If approved, the farmer agrees in writing to abide by the Animal Welfare Approved standards. This agreement is good for one year. Audits are then conducted annually or more often if needed to confirm compliance. All farmer and slaughter plant audits are confidential.
All farms are audited at least once annually to ensure compliance. Audits are impartial and based on the published standards. Though an audit is a snapshot of a farm, auditors are able to get an accurate picture of year-round practices by evaluating farm records, environmental quality and animal conditions.
Independent farms own the animals on the farm which has been shown to give the greatest potential for positive welfare.
Just like farms, participating slaughter plants are reviewed annually, or more often if necessary. Animal Welfare Approved standards address the handling, transport and slaughter of animals as well as their day-to-day treatment. We are the only program with a maximum of 8 hours transport in the United States. Our slaughter standards are based on the guidelines of the American Meat Institute, but go a step further in prohibiting the use of electric prods. Animal Welfare Approved also requires humane slaughter for species not covered under the Humane Methods of Slaughter Act, including chickens, turkeys, geese and ducks. We are strong proponents of Controlled Atmosphere Killing (CAK) and actively work with farmers and slaughter plants to advance the welfare improvements and viability of this technology.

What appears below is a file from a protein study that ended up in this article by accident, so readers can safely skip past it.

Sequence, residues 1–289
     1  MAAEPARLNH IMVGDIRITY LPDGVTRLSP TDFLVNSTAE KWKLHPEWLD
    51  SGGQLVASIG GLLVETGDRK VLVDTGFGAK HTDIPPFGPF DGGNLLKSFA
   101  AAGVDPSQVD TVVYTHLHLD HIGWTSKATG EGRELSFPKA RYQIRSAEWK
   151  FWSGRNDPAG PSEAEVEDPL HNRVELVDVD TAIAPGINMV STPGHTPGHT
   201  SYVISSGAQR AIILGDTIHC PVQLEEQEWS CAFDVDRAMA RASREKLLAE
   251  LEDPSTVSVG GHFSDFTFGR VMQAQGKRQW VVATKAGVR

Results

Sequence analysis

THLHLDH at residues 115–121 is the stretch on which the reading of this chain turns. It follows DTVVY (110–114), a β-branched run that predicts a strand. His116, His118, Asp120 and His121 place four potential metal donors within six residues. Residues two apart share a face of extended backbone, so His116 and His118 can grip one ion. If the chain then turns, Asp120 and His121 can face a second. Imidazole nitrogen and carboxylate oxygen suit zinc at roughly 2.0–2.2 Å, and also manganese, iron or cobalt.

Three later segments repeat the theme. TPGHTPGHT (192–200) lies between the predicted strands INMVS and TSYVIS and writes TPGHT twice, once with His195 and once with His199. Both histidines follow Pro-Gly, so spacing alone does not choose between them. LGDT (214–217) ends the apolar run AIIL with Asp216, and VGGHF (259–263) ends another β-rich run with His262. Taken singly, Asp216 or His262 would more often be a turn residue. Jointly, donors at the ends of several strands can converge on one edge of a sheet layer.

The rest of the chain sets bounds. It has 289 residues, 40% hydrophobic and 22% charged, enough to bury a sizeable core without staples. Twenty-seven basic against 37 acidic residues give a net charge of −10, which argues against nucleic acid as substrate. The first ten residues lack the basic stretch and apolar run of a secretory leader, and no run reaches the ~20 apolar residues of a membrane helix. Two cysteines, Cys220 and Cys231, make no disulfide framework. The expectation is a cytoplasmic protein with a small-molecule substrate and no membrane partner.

Dual production is when a farm raises some animals of a given species under a humane protocol and others in a conventional system. For instance, a dairy operation might raise half of their cows outside according to Animal Welfare Approved standards and the other half confined in feedlots. Animal Welfare Approved does not allow dual production because the system is misleading and gives unfair advantage to those selling high-welfare and low-welfare products side-by-side.
We are committed to providing consumers and farmers with an open and transparent program. We provide up-to-date news and science as it breaks to both farmers and consumers. The Animal Welfare Approved seal is a high-integrity label that clearly identifies products from animals raised humanely on independent farms. We have consistently received Consumer Reports’ highest rating (“highly meaningful”) based on our rigorous standards. These standards are publicly available on our website.
The standards have been carefully researched, developed and reviewed by the Animal Welfare Approved Standards Board, with the advice of experts from an extensive network of pioneering veterinarians, scientists and farmers who have consistently shown their commitment to animal-centered systems. It is our belief that there is always room for improvement, and our standards are evaluated annually to take into account the latest research in high-welfare animal husbandry.